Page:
Litercurious Book Review
|Title||Insane: America’s Criminal Treatment of |
|Publisher||Basic Books; 1 edition (April 3, 2018)|
|Format||Kindle, Paperback, Hardback, Audiobook|
|ASIN / ISBN||B074M6FZXQ / 9780465094196|
Alisa Roth, a long-time radio and print journalist, has reported on refugees and asylum seekers in the Middle East, Europe and the United States. Her work has appeared on Marketplace, NPR, The World, as well as in The New York Times, The New York Review of Books and Gastronomica. If you would like to see a C-SPAN interview with the author, you can see it here.
Roth’s expose’ reveals the confluence of factors that combined to create a living nightmare for those suffering from mental illness in the United States of America. She posits that the current system is fundamentally failing. She carefully and sensitively examines the personal experiences of sufferers who as a direct, or indirect result of their illness became involved with law enforcement, and how law enforcement responded. That said, having mental illness should never be a death sentence as is reported on at least one occasion by Roth in Insane.
Roth visits a number of jails and prisons in an attempt to clarify the situation on the ground, and what she discovers reads like something out of a Dickensian novel.
Rather than lambasting those on the front lines. Alisa Roth acknowledges those prison guards and police officers who, with virtually no training, are forced to deal with mental health issues. She documents how ill equipped the penal institutions and personnel are in dealing with the veritable tidal wave of clients who are psychologically disturbed. She examines the effects of underfunding as it relates to the welfare, care and medical treatment of those incarcerated in correctional institutions.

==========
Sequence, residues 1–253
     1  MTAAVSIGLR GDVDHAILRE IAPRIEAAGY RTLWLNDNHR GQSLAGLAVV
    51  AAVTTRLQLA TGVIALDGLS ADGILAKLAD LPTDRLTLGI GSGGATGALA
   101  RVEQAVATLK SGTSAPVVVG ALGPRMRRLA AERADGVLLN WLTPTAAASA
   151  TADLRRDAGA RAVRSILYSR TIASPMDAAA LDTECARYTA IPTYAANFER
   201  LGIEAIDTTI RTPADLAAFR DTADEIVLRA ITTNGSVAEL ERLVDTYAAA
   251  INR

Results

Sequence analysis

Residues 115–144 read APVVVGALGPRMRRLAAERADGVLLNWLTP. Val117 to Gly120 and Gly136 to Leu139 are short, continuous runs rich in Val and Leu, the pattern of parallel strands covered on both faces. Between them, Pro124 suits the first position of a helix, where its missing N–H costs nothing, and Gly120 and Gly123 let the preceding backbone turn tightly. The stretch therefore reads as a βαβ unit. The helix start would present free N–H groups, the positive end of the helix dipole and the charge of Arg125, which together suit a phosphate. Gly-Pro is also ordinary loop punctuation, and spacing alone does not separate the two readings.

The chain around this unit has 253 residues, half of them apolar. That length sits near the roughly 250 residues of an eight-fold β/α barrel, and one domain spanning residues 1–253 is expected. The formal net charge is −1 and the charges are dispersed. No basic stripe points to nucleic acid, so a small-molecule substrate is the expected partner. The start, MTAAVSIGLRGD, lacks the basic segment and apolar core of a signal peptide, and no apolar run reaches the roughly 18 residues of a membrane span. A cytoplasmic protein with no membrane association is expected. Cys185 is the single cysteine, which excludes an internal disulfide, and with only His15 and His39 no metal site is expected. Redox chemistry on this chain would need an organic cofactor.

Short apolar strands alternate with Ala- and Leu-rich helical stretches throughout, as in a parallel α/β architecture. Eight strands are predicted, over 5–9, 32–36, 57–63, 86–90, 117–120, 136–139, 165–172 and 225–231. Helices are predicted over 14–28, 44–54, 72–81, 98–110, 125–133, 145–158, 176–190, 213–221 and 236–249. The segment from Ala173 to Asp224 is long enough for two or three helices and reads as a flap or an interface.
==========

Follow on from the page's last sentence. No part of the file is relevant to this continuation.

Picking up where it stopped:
Although the subject matter is dire at times Roth has created a well paced, critical analysis of an often ignored emergency in our society. She does so with respect and dignity for those on both sides of the agenda. Rather than decrying the system, she acknowledges the painful decisions made on a daily basis by the people forced to work and live within that system.
Some years ago, the closure of mental hospitals or insane asylums was heralded as a positive move to empower the sick and free them into society. Sadly, society did not care enough to ensure that there were sufficient resources to adequately support those with psychological illnesses in the community. Many fell through the cracks, and some ended up homeless, confused, lost and desperate. They inevitably ending up within Criminal Justice System.
Insane is a powerful work, well researched by an exceptional journalist and writer. Written with a compassion and sensitivity that is difficult to describe. Insane is one of those books that you just have to read for yourself to fully appreciate the depth and nature of the subject. Clearly written, masterfully researched, and exceptional in every way. I can’t wait to read Alisa Roth’s next offering.
Insane:America’s Criminal Treatment of Mental Illness by Alisa Roth is by far, the best debut offering I have read this year. I would not be surprised to find it on the Pulitzer nomination list.
I would like to thank Alisa Roth, NetGalley and Basic Books for affording me the opportunity to review Insane: America’s Criminal Treatment of Mental Illness.
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RON POWERS is a Pulitzer Prize-winning journalist and New York Times bestselling author. He is the co-author of Flags of our Fathers and True Compass-both #1 New York Times Hardcover Nonfiction bestsellers. His biography of Mark Twain-Mark Twain: A Life-was also a New York Times bestseller. He lives with his wife Honoree Fleming, Ph.D., in Castleton, Vermont.
DJ Jaffe is Executive Director of the independent, non-partisan Mental Illness Policy Org., and author of Insane Consequences: How the Mental Health Industry Fails the Mentally Ill. For over 30 years, he has been advocating to reduce homelessness, arrest, incarceration and needless hospitalization of the most severely mentally ill, a group he believes has been ignored by CMHS, SAMHSA, many mental health advocates and systems, and offloaded to criminal justice.